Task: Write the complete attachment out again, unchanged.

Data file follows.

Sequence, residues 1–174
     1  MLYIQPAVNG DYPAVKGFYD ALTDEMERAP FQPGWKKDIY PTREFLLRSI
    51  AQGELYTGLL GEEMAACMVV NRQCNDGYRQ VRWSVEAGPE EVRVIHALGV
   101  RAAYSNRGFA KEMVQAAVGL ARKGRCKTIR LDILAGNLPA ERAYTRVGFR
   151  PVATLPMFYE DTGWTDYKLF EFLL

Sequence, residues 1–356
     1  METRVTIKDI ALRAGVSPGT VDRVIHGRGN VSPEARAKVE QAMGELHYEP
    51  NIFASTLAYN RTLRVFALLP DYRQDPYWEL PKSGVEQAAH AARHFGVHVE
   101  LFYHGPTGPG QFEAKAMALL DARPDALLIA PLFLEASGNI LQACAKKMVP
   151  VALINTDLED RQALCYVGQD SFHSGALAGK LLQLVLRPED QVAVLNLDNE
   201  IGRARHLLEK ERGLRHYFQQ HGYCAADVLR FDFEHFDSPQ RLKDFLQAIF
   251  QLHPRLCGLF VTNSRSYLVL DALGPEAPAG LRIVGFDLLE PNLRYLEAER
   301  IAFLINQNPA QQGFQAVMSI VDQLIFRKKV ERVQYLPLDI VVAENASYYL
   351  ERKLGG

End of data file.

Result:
Sequence, residues 1–174
     1  MLYIQPAVNG DYPAVKGFYD ALTDEMERAP FQPGWKKDIY PTREFLLRSI
    51  AQGELYTGLL GEEMAACMVV NRQCNDGYRQ VRWSVEAGPE EVRVIHALGV
   101  RAAYSNRGFA KEMVQAAVGL ARKGRCKTIR LDILAGNLPA ERAYTRVGFR
   151  PVATLPMFYE DTGWTDYKLF EFLL

Sequence, residues 1–356
     1  METRVTIKDI ALRAGVSPGT VDRVIHGRGN VSPEARAKVE QAMGELHYEP
    51  NIFASTLAYN RTLRVFALLP DYRQDPYWEL PKSGVEQAAH AARHFGVHVE
   101  LFYHGPTGPG QFEAKAMALL DARPDALLIA PLFLEASGNI LQACAKKMVP
   151  VALINTDLED RQALCYVGQD SFHSGALAGK LLQLVLRPED QVAVLNLDNE
   201  IGRARHLLEK ERGLRHYFQQ HGYCAADVLR FDFEHFDSPQ RLKDFLQAIF
   251  QLHPRLCGLF VTNSRSYLVL DALGPEAPAG LRIVGFDLLE PNLRYLEAER
   301  IAFLINQNPA QQGFQAVMSI VDQLIFRKKV ERVQYLPLDI VVAENASYYL
   351  ERKLGG